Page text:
Are RECs a comprehensive solution for helping companies meet their renewable energy goals, or is a combination of approaches recommended?
MW: For companies with a dispersed geographical presence, varying regulatory limits and complex deal structures in different markets can make it a challenge to reach company-wide price goals and energy targets. And even when renewable energy resources are available, not every place has sufficient electric grid access. But regardless of the industry and the size of the organisation, RECs offer reliable solutions to consume renewable energy on a global scale.
Especially consumer-facing retail brands with outlets around the world will in many cases have ‘unknown’ electricity provided to them; in other words, they might not know the origin of their electricity and might furthermore not be able to control their electricity provider (if their outlet is in a mall, for instance). RECs can offer a great solution here, but also help these brands go the extra mile by committing to specific projects that support additional renewable energy or the UN SDGs.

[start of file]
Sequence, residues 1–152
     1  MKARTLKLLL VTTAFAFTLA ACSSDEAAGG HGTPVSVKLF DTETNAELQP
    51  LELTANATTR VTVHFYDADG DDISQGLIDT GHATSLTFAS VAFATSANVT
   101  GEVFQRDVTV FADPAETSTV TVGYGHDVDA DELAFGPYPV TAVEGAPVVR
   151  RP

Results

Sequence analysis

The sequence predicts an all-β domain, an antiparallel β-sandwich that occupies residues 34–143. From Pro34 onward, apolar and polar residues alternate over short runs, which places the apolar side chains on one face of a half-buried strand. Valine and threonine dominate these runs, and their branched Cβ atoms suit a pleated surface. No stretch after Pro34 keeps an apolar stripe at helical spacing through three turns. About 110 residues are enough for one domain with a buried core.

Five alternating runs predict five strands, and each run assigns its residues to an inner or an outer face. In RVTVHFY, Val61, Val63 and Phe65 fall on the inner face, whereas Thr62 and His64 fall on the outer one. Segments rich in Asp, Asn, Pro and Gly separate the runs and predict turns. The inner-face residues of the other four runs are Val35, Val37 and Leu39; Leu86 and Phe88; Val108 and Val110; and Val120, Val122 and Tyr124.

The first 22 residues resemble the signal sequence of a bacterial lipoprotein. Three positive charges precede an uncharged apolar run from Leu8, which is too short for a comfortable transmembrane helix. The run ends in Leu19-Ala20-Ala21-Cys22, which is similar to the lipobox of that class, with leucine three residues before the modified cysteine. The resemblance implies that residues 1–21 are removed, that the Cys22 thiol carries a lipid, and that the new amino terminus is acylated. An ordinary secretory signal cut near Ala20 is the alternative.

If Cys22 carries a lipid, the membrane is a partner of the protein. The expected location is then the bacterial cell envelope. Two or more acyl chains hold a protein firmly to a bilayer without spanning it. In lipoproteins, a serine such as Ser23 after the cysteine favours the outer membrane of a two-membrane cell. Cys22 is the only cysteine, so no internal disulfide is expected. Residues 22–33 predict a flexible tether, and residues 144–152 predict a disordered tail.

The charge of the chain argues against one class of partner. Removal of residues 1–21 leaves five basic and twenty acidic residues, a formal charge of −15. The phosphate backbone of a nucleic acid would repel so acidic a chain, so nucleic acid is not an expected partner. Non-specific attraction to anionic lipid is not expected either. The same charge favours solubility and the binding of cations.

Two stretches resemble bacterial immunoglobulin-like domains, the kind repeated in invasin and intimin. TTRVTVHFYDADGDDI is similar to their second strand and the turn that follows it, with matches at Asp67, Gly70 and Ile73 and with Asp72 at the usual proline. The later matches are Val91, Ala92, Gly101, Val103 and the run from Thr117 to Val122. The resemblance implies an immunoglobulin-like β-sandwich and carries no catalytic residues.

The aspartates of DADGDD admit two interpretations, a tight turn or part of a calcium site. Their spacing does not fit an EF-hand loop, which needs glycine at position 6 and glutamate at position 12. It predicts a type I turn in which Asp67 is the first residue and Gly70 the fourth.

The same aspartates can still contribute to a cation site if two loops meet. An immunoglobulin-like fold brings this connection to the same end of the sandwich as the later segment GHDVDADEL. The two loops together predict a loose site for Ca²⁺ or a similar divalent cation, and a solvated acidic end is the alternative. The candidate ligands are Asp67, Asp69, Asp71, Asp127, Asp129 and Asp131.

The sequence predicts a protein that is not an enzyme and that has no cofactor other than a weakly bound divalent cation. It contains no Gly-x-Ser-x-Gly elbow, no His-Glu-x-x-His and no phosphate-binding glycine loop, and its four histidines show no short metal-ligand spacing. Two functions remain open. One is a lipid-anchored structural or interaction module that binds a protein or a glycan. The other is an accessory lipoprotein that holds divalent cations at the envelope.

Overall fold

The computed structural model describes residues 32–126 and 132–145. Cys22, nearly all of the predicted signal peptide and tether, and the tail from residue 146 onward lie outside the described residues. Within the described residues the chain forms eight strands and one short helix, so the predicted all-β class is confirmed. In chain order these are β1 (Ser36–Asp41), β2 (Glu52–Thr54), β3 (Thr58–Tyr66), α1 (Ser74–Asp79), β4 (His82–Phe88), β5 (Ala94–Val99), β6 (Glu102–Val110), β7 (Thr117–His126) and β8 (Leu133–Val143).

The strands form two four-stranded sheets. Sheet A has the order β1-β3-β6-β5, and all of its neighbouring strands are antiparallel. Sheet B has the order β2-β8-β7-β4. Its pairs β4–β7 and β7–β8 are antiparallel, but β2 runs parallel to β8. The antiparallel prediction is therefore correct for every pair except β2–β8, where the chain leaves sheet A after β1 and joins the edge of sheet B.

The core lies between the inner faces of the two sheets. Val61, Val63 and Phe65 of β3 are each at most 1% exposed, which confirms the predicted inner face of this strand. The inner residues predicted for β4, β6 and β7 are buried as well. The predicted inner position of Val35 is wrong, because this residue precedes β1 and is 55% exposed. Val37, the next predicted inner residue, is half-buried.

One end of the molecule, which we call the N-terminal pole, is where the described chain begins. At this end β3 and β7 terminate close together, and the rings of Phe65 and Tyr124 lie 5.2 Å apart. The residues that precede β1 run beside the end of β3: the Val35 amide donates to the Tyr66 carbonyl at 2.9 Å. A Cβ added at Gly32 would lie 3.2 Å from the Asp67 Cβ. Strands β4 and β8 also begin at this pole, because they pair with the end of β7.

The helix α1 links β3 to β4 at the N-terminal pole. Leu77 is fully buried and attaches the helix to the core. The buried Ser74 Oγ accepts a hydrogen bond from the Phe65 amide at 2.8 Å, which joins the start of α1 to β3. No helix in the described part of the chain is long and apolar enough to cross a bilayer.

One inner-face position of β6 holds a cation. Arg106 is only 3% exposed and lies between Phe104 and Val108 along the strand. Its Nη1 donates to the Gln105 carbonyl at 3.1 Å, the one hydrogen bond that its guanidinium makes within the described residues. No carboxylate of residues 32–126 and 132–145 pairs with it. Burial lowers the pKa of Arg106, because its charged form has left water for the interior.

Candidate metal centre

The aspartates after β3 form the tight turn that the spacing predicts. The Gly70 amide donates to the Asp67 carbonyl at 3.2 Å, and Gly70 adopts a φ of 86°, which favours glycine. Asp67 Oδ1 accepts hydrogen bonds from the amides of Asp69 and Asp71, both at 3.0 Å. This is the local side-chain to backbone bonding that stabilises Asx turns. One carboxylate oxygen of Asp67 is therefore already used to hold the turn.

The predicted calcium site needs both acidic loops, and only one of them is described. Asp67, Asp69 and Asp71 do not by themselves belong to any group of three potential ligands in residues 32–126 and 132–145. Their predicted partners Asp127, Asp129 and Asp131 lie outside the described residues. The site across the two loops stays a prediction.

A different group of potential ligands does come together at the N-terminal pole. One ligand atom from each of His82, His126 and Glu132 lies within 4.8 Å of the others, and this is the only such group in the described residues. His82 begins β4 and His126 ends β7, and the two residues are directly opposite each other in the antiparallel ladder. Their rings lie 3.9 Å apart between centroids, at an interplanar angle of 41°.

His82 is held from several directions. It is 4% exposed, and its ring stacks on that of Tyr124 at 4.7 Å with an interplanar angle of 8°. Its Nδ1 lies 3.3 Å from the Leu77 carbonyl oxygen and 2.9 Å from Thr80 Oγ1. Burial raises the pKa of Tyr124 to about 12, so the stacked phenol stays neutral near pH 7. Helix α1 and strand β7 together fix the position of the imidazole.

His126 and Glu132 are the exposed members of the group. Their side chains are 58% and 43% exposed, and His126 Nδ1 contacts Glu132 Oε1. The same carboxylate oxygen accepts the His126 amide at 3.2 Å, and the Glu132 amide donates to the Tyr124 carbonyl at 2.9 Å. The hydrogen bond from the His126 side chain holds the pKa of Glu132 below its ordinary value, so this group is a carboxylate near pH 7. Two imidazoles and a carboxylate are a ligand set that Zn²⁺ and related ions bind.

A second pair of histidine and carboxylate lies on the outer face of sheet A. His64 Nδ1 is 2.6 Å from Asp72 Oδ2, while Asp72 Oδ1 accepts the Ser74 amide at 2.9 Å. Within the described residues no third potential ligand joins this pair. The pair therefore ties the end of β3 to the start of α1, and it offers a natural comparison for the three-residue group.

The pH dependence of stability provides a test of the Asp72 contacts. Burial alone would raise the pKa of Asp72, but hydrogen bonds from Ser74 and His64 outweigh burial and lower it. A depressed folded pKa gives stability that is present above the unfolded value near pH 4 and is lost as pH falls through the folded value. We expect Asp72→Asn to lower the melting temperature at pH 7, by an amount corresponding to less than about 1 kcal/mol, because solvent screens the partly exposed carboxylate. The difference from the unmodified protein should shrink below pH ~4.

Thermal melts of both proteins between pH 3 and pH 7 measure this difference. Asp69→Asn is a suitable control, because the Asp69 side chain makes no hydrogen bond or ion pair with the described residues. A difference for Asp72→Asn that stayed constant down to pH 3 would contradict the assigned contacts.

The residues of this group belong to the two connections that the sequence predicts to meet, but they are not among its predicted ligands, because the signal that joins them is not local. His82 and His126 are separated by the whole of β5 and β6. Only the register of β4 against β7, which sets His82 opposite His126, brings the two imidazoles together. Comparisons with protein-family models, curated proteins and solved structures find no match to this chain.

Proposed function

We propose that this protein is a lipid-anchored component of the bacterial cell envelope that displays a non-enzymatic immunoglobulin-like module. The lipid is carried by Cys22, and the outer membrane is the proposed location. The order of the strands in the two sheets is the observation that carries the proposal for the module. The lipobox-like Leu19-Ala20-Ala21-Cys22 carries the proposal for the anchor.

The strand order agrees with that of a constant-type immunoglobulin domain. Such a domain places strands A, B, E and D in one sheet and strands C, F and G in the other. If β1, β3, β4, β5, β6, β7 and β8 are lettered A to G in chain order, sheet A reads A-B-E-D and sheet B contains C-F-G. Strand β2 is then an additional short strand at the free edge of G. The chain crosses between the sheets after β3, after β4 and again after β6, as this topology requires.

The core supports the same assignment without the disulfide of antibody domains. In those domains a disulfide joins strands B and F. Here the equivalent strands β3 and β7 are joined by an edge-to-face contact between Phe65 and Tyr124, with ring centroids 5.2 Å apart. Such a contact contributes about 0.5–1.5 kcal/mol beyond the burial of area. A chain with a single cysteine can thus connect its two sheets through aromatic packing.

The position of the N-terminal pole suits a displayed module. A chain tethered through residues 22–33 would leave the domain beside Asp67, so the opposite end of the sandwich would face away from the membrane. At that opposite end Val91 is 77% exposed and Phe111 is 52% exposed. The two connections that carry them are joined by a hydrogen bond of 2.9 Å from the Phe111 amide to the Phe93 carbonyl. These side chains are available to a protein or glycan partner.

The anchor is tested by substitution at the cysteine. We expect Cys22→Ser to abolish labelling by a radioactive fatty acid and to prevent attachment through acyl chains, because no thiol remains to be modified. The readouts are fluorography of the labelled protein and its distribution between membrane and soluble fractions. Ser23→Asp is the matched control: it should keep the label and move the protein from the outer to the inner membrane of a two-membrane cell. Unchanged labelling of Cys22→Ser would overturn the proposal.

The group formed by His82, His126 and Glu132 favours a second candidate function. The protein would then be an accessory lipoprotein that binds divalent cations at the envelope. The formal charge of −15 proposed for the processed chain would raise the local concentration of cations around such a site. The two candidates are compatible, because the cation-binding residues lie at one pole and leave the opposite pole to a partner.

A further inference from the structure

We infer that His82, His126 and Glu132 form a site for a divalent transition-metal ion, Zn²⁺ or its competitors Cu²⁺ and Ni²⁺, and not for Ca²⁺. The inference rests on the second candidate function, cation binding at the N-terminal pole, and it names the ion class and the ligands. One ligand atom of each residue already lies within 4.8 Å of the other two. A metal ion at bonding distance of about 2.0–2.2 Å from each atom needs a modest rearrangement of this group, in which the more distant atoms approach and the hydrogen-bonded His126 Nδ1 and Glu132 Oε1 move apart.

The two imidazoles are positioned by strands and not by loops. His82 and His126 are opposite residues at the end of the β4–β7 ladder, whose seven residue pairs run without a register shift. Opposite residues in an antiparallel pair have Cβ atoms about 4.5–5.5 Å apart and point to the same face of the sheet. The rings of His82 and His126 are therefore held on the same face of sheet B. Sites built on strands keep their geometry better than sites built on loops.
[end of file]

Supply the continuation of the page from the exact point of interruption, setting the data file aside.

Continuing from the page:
As mentioned before, the tide is definitely turning in terms of increased business demand for renewables (from those that recognize the business case), but we're still a long way away from clean energy being the standard - what do you see as the biggest barriers to this shift in thinking/practice?
MW: Some of the barriers that still exist regarding renewable energy procurement can be broken down into cost barriers, internal barriers and structural barriers; concerns about uncertain payback are some of the frequently cited barriers to scaling up renewable energy. Internal discussions in corporations also need to shift from “why” to “how” to enable the discovery of creative renewable energy solutions that can overcome any issues of internal buy-in. Finally, there are structural barriers, which can include anything from lack of robust policy to poor availability of renewable energy infrastructure and technology in a given market. Getting involved with consumer organisations such as RECS International or supporting the I-RECs Standard help facilitate the development of Renewable Energy tracking systems in countries without national systems and thereby making solutions available to RE consumers.
Regardless of these barriers, the transition to renewable energy is, in my view, inevitable - we have already reached a tipping point. It is extremely encouraging to see that more companies than ever are committing to bold action on climate, speeding up our move towards a more sustainable tomorrow. But we need even more corporate leaders to push the use of renewable power right along their supply chains.